Rare Rides: A Porsche 924 From 1977 - Anyone Want a Martini?

Corey Lewis
by Corey Lewis

For over a decade, the Porsche 924 remained the brand’s entry-level sports car. During its 12-year run, Porsche shifted over 121,000 examples, meaning the normal 924 is not uncommon today and your local Craigslist probably has one for sale.

But what we have here is a special edition 924 that encourages you to buy vermouth while you’re out for a drive. This 924 is the Martini Championship Edition.

In 1976, vermouth manufacturer Martini and its stylish racing livery ran the Porsche World Championship. To commemorate this, Porsche whipped up some new trim and a minor performance upgrade, and presto — special edition.

The Martini Championship Edition 924 was limited to 3,000 examples, all of them painted the exact same way: Pure white paint, with Martini racing stripes around the body.

The dash area featured some upgraded materials. Genuine leather covers the steering wheel, instrument panel, and center console. Fastened to the console (but not really pictured in the sale) was a commemorative plaque bearing the special edition’s name and each vehicle’s number. The blue piping on the seats is a nice, Martini-like touch.

Red carpeting and matching corduroy seat inserts made the Martini Championship Edition’s interior a special place. It’s all faded here to a 1970s-orange-formerly-red color, but at least it matches.

You know a car has lived through the 1980s when there’s an equalizer of this sort of complexity present. Circa 1984, this would have been the business.

Performance stayed the same in these versions, meaning one will find the standard 95-horsepower Volkswagen engine under the hood. Power goes to the back via the four-speed manual transmission. There’s also a revised sway bar for better race-day parking lot handling.

Currently for sale on eBay, this special 924 is a one-owner vehicle — surely a rare instance for a lower-level Porsche, especially 40 years after it left the showroom. It has less than 52,000 miles, working out to a little over 1,300 per year. Such a classic and limited edition Porsche might be a worthy investment, as this very clean example is yours for $6,995 without any negotiation.

[Images via eBay]

Corey Lewis
Corey Lewis

Interested in lots of cars and their various historical contexts. Started writing articles for TTAC in late 2016, when my first posts were QOTDs. From there I started a few new series like Rare Rides, Buy/Drive/Burn, Abandoned History, and most recently Rare Rides Icons. Operating from a home base in Cincinnati, Ohio, a relative auto journalist dead zone. Many of my articles are prompted by something I'll see on social media that sparks my interest and causes me to research. Finding articles and information from the early days of the internet and beyond that covers the little details lost to time: trim packages, color and wheel choices, interior fabrics. Beyond those, I'm fascinated by automotive industry experiments, both failures and successes. Lately I've taken an interest in AI, and generating "what if" type images for car models long dead. Reincarnating a modern Toyota Paseo, Lincoln Mark IX, or Isuzu Trooper through a text prompt is fun. Fun to post them on Twitter too, and watch people overreact. To that end, the social media I use most is Twitter, @CoreyLewis86. I also contribute pieces for Forbes Wheels and Forbes Home.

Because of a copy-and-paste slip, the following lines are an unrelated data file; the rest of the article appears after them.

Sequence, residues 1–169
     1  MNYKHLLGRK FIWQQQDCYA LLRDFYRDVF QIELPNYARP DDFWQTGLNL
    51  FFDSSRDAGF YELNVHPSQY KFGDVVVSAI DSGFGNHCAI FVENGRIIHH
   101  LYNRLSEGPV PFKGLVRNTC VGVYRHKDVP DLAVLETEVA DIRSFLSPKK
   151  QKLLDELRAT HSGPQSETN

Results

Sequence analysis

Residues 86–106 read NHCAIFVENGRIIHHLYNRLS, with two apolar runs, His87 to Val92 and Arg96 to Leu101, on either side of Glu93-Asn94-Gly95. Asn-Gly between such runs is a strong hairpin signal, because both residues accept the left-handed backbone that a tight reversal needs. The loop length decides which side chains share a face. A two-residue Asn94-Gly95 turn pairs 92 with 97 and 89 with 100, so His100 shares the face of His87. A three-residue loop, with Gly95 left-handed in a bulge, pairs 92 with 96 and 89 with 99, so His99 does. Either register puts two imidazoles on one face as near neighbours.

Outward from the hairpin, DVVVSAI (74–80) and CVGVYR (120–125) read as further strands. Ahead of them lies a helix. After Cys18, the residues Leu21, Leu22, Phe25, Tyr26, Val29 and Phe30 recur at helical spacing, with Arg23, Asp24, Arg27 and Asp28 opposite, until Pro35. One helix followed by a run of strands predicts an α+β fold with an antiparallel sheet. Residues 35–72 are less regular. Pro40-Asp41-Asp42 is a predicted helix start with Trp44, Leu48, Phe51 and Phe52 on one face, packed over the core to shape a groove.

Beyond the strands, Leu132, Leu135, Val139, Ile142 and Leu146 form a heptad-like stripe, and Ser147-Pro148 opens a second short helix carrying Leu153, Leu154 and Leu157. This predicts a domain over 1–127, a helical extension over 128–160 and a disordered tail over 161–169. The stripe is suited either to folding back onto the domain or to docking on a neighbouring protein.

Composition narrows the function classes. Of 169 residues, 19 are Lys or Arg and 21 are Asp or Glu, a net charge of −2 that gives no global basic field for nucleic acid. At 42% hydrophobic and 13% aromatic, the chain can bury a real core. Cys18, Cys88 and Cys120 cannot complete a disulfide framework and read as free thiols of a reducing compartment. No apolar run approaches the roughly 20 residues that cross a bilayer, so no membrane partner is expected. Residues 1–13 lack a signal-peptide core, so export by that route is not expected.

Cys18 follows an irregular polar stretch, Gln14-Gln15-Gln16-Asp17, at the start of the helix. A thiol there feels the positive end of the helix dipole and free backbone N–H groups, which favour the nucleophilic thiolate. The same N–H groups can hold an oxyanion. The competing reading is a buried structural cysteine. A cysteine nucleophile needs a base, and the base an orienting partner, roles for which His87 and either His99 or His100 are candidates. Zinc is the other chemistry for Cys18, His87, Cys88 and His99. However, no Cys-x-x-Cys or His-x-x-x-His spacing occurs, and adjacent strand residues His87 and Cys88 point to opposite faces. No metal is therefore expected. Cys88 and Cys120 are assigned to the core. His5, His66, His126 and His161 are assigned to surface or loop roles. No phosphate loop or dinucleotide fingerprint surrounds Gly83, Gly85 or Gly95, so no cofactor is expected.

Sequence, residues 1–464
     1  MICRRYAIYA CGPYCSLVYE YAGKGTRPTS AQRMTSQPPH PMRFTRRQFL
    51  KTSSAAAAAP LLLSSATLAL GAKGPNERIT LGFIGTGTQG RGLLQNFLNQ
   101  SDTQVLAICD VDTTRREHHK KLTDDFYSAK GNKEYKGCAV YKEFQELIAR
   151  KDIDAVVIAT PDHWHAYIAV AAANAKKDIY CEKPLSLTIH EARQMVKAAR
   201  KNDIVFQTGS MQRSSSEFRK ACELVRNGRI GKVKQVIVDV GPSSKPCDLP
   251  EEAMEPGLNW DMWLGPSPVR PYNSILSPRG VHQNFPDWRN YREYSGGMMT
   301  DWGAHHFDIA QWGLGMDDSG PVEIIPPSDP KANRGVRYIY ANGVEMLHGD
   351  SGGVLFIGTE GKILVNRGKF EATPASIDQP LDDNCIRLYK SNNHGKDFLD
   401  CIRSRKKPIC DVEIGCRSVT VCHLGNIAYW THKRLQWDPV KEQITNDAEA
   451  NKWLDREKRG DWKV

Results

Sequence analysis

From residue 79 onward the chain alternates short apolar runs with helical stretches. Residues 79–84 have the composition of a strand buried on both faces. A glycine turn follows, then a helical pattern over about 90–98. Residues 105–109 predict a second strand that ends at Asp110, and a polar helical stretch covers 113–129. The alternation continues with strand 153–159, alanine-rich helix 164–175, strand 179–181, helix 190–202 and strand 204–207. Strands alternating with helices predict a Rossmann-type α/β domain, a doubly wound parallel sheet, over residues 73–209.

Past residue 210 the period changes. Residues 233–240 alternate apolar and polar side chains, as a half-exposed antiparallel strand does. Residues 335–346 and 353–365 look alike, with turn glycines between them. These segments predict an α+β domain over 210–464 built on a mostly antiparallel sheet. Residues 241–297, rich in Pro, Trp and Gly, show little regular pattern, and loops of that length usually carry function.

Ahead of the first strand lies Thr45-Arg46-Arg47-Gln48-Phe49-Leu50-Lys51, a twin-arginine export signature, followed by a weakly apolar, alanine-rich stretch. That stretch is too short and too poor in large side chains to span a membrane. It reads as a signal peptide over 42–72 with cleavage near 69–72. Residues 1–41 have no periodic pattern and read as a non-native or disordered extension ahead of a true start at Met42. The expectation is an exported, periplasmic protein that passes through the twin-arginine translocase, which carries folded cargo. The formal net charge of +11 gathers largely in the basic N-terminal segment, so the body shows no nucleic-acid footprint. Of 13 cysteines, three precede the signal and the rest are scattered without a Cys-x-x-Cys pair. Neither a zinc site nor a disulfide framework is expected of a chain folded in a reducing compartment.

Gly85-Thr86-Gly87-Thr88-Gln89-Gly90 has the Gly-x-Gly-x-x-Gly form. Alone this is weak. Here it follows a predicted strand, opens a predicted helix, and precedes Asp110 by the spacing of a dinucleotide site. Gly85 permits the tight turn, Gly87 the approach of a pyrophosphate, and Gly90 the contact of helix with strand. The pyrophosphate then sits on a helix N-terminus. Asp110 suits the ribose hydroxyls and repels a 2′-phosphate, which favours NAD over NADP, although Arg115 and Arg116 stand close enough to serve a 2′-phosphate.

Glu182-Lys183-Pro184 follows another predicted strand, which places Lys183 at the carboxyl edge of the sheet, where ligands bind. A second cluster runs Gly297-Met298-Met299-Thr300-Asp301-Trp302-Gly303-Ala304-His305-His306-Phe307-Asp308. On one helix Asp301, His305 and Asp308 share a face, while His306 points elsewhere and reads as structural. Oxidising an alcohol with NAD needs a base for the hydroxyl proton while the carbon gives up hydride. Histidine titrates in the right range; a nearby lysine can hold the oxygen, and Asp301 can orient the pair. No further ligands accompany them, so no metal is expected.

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2 of 29 comments
  • Shortest Circuit Shortest Circuit on Nov 17, 2017

    Kudos to the graphic designer trying to hide those awful side markers.

  • LTDwedge LTDwedge on Nov 20, 2017

    A customer at the shop went through nightmarish negotiations with the owner on bringing his 924 into the shop for PA inspection. You would have thought the car was a showroom version of the Porsche brand from the way he acted. It was not. Slipping clutch, oil leaks everywhere, billowing clouds of blue smoke, upholstery ripped up everywhere, back seats too. Wires hanging under the dash, of course the AC didnt work. It was collectible only in the eyes of a scrap yard owner. And it failed pa insp, with a long list of safety related problems. My Porsche story and I’m glad I don’t work on it.

  • 28-Cars-Later WSJ blurb in Think or Swim:Workers at Volkswagen's Tennessee factory voted to join the United Auto Workers, marking a historic win for the 89- year-old union that is seeking to expand where it has struggled before, with foreign-owned factories in the South.The vote is a breakthrough for the UAW, whose membership has shrunk by about three-quarters since the 1970s, to less than 400,000 workers last year.UAW leaders have hitched their growth ambitions to organizing nonunion auto factories, many of which are in southern states where the Detroit-based labor group has failed several times and antiunion sentiment abounds."People are ready for change," said Kelcey Smith, 48, who has worked in the VW plant's paint shop for about a year, after leaving his job at an Amazon.com warehouse in town. "We look forward to making history and bringing change throughout the entire South."   ...Start the clock on a Chattanooga shutdown.
  • 1995 SC Didn't Chrysler actually offer something with a rearward facing seat and a desk with a typewriter back in the 60s?
  • The Oracle Happy Trails Tadge
  • Kwik_Shift_Pro4X Union fees and corruption. What can go wrong?
  • Lou_BC How about one of those 2 foot wide horizontal speedometers out of the late 60's Ford Galaxie?